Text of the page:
A new apple variety, WA 64, has been developed by Washington State University’s apple breeding program. The college is taking suggestions on what to name the variety. (WSU College of Agricultural, Human and Natural Resource Sciences)

A new apple variety, WA 64, has been developed by Washington State University’s apple breeding program. The college is taking suggestions on what to name the variety. (WSU College of Agricultural, Human and Natural Resource Sciences)

Editorial: Apple-naming contest fun celebration of state icon

A new variety developed at WSU needs a name. But take a pass on suggesting Crispy McPinkface.

By The Herald Editorial Board

Here’s you chance to pick a name that will go on millions of chore-to-peel-off labels on apples grown in Washington state.

Apple breeders at Washington State University’s College of Agricultural, Human and Natural Resource Sciences have developed a new apple variety, a cross between the popular varieties Honeycrisp and Cripps Pink, also known as Pink Lady. Currently dubbed WA 64 — for the 64th variety developed at the WSU college — the apple offers a balance between its two parent pommes.

“WA 64 is a great balance of tart and sweet, firm, crisp, and juicy,” Kate Evans, professor and head of WSU’s apple breeding program said in a release last week, The Washington State Standard reported.

The apple, with good storage quality, is small to medium in size, yellow with a pink to red blush peel, and described by developers as more crisp and juicy than the Cripps Pink but slightly less so than a Honeycrisp, with sweetness and acidity between the two varieties.

But it needs a name snappier than WA 64.

The college is asking for name suggestions and accepting entries until May 5 at wsu.edu/wa64contest/.

Lest you be tempted to suggest Apple McAppleface or even Crispy McPinkface, the apple breeders are looking for something with a connection to WSU, Washington state or the new apple’s characteristics, but no mash-ups — applesauce? — of the hybrid’s parents, such as Honey Pink or Pink Crisp. And no profanity, offensive language, existing trademarks or illegal substances or activities, as — we’re guessing — most of those are already in use by the state’s recreational cannabis industry.

“We’re looking for a name that’s memorable and punchy,” Jeremy Tamsen, a WSU apple spokesperson, said in a news release.

Along with seeing the name at produce bins at the local grocery, the person with the winning entry will receive a gift box of the WA 64 apples, a charcuterie board engraved with the new name, a 30-ounce can of WSU Creamery’s Cougar Gold cheddar cheese, two bottles of WSU-developed spice rubs and a WSU coffee mug and water bottle.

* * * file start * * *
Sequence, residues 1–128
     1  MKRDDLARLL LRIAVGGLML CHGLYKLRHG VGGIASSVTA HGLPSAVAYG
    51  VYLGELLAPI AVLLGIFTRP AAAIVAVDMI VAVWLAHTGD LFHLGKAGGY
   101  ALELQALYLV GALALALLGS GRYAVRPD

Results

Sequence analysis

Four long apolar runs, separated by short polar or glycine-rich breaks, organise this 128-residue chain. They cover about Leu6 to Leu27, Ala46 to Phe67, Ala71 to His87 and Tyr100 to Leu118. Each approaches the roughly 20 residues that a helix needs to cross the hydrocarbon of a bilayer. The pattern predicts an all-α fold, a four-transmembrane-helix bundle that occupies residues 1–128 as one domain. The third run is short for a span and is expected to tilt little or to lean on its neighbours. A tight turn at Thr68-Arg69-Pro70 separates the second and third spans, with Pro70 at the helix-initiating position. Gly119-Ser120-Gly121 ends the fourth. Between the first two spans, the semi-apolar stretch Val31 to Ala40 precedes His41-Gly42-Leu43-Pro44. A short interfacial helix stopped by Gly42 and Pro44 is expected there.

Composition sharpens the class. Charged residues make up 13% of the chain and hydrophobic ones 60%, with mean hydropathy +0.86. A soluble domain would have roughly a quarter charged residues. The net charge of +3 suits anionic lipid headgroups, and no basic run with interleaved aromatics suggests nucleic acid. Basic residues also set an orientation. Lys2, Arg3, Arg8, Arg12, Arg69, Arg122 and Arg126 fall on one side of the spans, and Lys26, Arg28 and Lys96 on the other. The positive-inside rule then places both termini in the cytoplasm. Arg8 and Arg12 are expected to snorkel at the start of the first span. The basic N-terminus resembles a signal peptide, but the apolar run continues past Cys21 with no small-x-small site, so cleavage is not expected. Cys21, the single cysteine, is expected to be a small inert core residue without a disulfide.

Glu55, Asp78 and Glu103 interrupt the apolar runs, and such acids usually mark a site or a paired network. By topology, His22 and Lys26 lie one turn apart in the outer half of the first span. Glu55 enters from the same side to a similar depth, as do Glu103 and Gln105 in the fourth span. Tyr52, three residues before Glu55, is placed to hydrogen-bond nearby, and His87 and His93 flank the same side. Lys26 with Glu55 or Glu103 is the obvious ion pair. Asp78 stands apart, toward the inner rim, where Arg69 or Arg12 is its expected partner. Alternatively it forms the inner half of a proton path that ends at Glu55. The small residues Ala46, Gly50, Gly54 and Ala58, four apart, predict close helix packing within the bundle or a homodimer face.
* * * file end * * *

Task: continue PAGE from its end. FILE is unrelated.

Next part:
As treasured as a tin of Cougar Gold is, the honor of naming the new apple would be significant. WA 64 has been in development since 1998 at the college’s tree fruit research center and extension office in Wenatchee. But it’s only the third apple to be released to growers by the research program. The trees are expected to be available to growers by 2026 — but only to Washington state orchards for the first 10 years or longer — and not available in grocery stores until 2029.

WA 64 follows two other varieties developed by WSU breeders, including WA 38, which is now known as Cosmic Crisp and WA 2, the first apple released by the breeding program and which is now called Sunrise Magic, a cross of Splendour and Gala apples.

Although more than 30 apple varieties are grown in the state, the most popular varieties include Gala, which passed Red Delicious in production about six years ago, Golden Delicious, Fuji, Granny Smith, Braeburn, Honeycrisp, Cripps Pink and Cameo.

WSU is being protective of the new variety; even when eventually made available to foreign orchards, import into U.S. markets of the apples will be barred.

Apples are serious business in Washington state, which harvests between 10 billion and 12 billion apples each year; supplying 6 of every 10 apples consumed in the U.S.

Apples are grown on 175,000 acres of orchards in the state with a market value of nearly $2 billion each year. The industry employed more than 17,000 people in 2022, about a fifth of all agricultural jobs, according to the state Department of Agriculture.

A name that honors the apple industry, the state — and the apple, itself — is worth a few minutes of appreciation and thought.

Now, if the folks at Wazzu could do something about the annoying labels … .

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